Ever since Rose Marie Bravo turned Burberry into a billion dollar brand, more than doubling sales, the London-based heritage business has struggled to be a luxury leader in both size and positioning.
Under Ms Bravo’s tenure between 1997 and 2005, Burberry was seen as the UK’s answer to Ralph Lauren, where an upmarket image attracted an aspirational demographic that bought into a plethora of affordable check-infused products, from scarves and ties to small leather goods and of course outerwear, Burberry’s core category.
Even today, luxury shoppers are certainly privy to a Burberry trench, a product steeped in heritage, but compared to Louis Vuitton, Dior, Prada or any of the other major luxury houses, a Burberry bag, or even shoes, is not likely on their ‘want’ list. These are categories of opportunity.
Leadership changes in both its management and creative teams have attempted to boost Burberry to an equal footing with its contemporaries, but even as its sales increased, annual turnover for 2021-2022 was 2.8 billion pounds, they lagged comparable growth.
Rising prices and new streetwear aesthetic
In 2017, under chief Marco Gobbetti, the brand began a 5 year turnaround, which saw an increase in product prices to meet luxury levels and a change in aesthetic to streetwear after the hire of new creative director Riccardo Tisci. The preppy heritage image nurtured by Mr Tisci's predecessor, Christopher Bailey, was shed to attract a Gen Z customer, but in doing so it lost its characteristics of unique British identity and sales failed to achieve substantial growth. Mr Gobbetti has since returned to Italy to helm Ferragamo, another heritage brand that is undergoing a revamp.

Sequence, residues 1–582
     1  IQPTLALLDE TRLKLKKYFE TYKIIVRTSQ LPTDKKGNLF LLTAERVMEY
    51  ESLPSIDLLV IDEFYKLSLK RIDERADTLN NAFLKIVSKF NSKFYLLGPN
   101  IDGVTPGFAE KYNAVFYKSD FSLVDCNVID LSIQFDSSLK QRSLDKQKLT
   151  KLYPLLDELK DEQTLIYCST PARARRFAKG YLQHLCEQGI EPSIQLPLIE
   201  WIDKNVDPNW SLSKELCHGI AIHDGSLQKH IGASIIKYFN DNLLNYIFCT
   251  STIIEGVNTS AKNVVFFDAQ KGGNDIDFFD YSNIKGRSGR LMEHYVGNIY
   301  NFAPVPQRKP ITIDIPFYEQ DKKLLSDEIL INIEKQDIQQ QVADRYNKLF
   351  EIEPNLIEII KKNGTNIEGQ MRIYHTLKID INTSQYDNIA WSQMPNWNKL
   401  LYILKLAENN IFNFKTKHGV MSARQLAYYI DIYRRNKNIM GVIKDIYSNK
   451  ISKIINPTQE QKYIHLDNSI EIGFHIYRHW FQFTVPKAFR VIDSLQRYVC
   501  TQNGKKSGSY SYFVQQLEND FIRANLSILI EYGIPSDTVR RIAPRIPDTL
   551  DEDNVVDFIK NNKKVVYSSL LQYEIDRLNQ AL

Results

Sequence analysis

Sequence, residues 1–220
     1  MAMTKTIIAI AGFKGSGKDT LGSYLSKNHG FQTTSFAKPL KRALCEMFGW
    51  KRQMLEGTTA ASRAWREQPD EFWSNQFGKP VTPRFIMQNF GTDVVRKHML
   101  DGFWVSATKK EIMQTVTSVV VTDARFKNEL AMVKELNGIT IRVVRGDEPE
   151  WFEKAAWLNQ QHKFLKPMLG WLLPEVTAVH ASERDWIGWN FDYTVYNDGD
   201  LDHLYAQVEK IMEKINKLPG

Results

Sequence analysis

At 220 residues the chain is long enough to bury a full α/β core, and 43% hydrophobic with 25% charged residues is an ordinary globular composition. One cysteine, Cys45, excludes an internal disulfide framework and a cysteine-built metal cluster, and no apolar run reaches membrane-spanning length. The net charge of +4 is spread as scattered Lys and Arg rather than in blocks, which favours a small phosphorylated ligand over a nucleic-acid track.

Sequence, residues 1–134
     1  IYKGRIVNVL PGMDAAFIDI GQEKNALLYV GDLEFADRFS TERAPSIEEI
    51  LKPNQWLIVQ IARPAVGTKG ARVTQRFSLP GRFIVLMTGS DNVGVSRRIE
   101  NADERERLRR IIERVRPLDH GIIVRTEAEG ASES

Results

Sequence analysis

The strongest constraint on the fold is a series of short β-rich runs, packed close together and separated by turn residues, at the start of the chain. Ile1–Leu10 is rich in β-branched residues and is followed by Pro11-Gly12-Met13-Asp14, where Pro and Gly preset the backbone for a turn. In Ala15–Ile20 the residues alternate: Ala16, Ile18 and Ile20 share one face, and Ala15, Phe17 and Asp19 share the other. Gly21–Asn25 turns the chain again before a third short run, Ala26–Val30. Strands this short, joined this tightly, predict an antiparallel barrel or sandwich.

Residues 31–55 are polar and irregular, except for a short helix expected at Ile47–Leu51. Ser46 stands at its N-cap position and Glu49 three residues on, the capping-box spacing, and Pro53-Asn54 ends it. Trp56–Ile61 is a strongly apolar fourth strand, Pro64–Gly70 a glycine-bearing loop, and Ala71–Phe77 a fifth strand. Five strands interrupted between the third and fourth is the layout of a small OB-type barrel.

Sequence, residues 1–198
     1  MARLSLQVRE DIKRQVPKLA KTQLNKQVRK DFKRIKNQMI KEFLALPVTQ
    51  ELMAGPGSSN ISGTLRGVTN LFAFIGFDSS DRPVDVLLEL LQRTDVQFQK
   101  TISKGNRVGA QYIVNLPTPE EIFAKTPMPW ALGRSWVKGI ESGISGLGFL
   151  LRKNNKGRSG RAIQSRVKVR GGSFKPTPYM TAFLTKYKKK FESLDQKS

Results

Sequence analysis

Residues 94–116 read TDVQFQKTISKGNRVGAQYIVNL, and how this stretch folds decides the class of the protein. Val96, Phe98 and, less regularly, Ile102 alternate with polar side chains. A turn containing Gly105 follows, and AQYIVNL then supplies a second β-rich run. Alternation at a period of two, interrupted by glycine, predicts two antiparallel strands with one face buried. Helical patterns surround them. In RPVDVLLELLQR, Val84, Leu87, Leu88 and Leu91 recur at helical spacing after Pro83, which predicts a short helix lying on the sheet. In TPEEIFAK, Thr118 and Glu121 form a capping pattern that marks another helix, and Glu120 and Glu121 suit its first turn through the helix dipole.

Now under British leadership and creative management, Jonathan Akeroyd is near to completing his first year at Burberry’s helm. One of his first major shakeups was installing former Bottega Veneta creative director Daniel Lee to lead Burberry’s design. News of his appointment was met with positive investor response, boosting its shares. Both Mr Akeroyd and Mr Lee have an intrinsic understanding of Burberry’s DNA, and Mr Lee has an aspirational way with product design to create desirable must-have pieces alongside a strong knowledge of handbags and shoes, two potential growth categories for the business.
A new logo and image
Burberry dropped its first campaign under Mr Lee earlier this month, which saw subtle changes to its logo with a new typeface and an equestrian knight from its archives. The images featured a more lo-fi aesthetic with Vanessa Redgrave in a simple trench and turtle neck when compared to Mr Tisci’s more glamorous editorial and Gen Z-friendly images.
While the clothes in the campaign did not include Mr Lee’s designs, his first collection will debut at London Fashion Week on Monday, which is arguably the hottest ticket in town. Both investors and industry will be waiting to see the unfolding of Burberry’s bold new vision.